Herman Turner ToweryCaptain
DET A-211 (DON PHUOC), B CO, 1ST SF GROUP, SPECIAL FORCES
Army of the United States
27 April 1934 - 22 October 1964
Fort Bragg, North Carolina
Panel 01E Line 067
The database page for Herman Turner Towery
I took a trip today, not thousands of miles like the masses here, but one just as profound. As I journeyed I touched them, all of them and they touched me. As I walked I ran my hand over the names inscribed into the black granite and I heard the voices. They all have stories ...
I heard whispers and painful frightened cries of men, more like boys, many just old enough to vote and shave, and of women. Brothers, Sisters, Mothers, Fathers, Husbands and wives. All of those who fought and never made it home.
Viet Nam, the war of wars. The sacrifices American soldiers made should have never been; but they were not the only victims nor the only casualties. There are those who lived through Hell and came home to tell. And though I could never know the pain and suffering, the loss of those who survived and of those who died, I hear their stories.
All I have to do is look at the lone soldier standing at the Wall - his head is bowed, his soul is shattered, his heart is broken, and his friend is dead. And as I watch he reaches forward and touches the name of one who fought beside him. He has memories of their talks, of winning, of defeating, of returning home, and of dying, but they never talked of doing these things alone - never alone.
He stands there, lost in his own thoughts, reliving the terror he tries to forget, his shoulders shudder as he he realizes that he didn't come home whole. I watch as a single tear runs down his cheek and for a moment I feel his pain.
All I have to do is to look at the son standing at the Wall, mourning for the father who went to war and returned in a casket. At four years old he could not comprehend what had happened, his father had been taken from him at a very young age in his life. I watch as he runs through the 'what-ifs' in his mind - and he is alone.
I watch as that same single tear runs down his cheek, as he cries for the memories never made and for the very few memories he has to last him a lifetime. For the father he lost, for the grandfather who never knew a grandchild, and the grandchildren that never knew him. The love is there, along with a painful gaping emptiness that never goes away.
All I have to do is stand next to the woman searching for a name on the Wall. I watch as she locates ... the husband? ... the father? ... the brother? So I ask who it is that she has found on the Wall, she turns to look at me with a small bitter-sweet smile on her face. Then softly she starts to speak....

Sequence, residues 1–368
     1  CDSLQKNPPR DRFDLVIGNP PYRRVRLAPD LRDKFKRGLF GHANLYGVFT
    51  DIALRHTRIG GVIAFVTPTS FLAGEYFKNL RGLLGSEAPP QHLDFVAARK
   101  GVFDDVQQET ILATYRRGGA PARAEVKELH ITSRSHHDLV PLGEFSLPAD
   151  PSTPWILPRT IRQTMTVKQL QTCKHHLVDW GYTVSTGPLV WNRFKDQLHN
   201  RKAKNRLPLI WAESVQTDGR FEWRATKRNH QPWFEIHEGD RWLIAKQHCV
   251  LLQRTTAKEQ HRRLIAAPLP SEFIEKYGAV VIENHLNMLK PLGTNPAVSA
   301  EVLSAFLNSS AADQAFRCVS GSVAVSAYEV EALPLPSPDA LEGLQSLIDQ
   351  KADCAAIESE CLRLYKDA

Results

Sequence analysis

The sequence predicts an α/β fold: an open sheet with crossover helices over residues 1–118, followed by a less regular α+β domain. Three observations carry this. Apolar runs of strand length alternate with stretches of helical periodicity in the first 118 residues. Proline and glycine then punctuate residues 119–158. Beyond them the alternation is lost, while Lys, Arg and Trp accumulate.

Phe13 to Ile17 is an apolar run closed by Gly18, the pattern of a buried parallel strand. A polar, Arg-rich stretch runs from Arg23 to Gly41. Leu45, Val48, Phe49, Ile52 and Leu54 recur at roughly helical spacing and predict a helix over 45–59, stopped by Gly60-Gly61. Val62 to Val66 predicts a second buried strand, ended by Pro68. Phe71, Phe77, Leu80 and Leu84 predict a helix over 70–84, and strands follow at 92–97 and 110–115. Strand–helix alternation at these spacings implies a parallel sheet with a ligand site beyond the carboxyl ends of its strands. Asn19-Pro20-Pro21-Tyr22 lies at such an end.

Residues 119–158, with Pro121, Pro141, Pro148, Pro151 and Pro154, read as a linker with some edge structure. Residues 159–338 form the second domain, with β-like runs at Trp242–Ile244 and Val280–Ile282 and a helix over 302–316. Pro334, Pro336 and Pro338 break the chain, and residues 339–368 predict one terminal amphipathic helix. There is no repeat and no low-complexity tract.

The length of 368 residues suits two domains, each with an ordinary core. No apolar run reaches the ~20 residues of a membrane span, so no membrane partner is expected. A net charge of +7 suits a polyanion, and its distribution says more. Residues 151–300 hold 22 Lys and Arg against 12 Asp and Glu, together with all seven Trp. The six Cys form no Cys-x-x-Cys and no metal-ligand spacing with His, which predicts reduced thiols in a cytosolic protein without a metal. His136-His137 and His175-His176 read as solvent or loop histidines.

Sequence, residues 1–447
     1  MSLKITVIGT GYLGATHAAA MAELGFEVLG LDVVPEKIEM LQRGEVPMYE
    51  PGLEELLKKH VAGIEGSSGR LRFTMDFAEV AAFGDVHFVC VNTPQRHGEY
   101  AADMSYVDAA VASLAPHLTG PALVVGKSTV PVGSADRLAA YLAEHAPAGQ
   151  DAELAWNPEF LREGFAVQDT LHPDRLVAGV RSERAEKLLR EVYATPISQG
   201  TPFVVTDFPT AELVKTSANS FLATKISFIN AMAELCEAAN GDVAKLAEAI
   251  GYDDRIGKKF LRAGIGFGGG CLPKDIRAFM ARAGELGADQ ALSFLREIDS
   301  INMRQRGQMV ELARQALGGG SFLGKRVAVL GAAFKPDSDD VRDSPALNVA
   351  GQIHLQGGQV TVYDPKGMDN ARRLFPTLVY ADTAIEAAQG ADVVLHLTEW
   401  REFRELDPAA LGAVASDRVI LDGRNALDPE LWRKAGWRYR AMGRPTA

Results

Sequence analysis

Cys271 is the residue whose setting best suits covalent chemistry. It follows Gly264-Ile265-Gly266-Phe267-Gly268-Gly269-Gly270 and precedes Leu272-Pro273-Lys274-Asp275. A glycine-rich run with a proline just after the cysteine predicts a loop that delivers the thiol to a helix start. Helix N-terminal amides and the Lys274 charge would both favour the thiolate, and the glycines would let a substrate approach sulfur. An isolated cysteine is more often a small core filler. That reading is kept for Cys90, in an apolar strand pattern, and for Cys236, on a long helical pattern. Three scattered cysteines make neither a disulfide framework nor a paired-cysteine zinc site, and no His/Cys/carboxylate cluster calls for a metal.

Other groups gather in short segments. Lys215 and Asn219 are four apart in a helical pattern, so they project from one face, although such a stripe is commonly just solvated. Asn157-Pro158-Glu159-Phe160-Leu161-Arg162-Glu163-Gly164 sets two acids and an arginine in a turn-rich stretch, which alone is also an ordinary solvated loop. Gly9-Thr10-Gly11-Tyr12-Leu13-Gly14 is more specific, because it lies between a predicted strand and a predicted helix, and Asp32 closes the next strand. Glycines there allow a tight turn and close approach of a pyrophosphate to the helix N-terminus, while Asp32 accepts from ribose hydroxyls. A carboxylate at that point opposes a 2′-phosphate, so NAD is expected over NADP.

As she begins, she puts her hand to her mouth, I notice the slight tremble as she catches her breath and I listen as she speaks with emotion of the dear brother she has lost in this tragic war. I watch as that same single tear again escapes and runs down her cheek. Together we stand in silence ... then she turns and walks away.
Yes they all have stories, all these 58,219 names on the wall, they were people, they have faces and they have families. If you stand close enough to the "Wall" you can hear the voices too.
Most important you hear the love and the pride of those names on the "Wall", listen closely to the voices of the living and the dead ... they each have a story to tell.
"Ode to the Wall"
09 Jul 2007
I wanted to let you know that I came by and saw you several times a few years back. I brought my wife with me one year when we met up with a fantastic group of Viet Nam Vets in D.C, and I hope you felt me introduce you to them and to Tracy, my wife. Tracy is a special person for me and to me. She has helped me in so many ways and she wrote the "Ode to The Wall" just for you and me during a visit to "The Traveling Wall", or better known as "The Healing Wall".
She posted "The Ode" on this site and we left a copy of it with a copy of your picture at "The Healing Wall" when it came to Griffin, Georgia. I later returned to D.C. by myself and just sat and talked with you one night. I have never felt as close to you as I did that night, and I felt your touch when I ran my fingers across your name. I know you are watching over me, and are with me always, but I just wanted to let you know that even though I miss you very much, I am so very proud of you and I hope that you know that I am.
I wear my remembrances every day, my MIA/POW cap and the MIA/POW bracelet, and I never let a Viet Nam Vet pass me by without telling him "Thank you for all you did, and Welcome Home". I miss you and wish you could be with me to tell these fine men and women that, but I understand your duty is elsewhere at this time. I hope that I will be able to come and see you again very soon, and I will be bringing Tracy and the kids with me.
I love you, dad, and am so very proud of you.
A Note from The Virtual WallThe following is taken from the "First Special Forces Group (Airborne) Annual Historical Summary" for 1965:
Captain Towery's record is coded as "Died in Captivity" rather than "Killed in Action". According to the POW Network Captain Towery's remains were recovered on 23 October 1964. The Virtual Wall has not been able to resolve the KIA/DIC conflict.
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With all respect
Jim Schueckler, former CW2, US Army
Ken Davis, Commander, United States Navy (Ret)
Memorial first published on 18 Nov 2003
Last updated 08/10/2009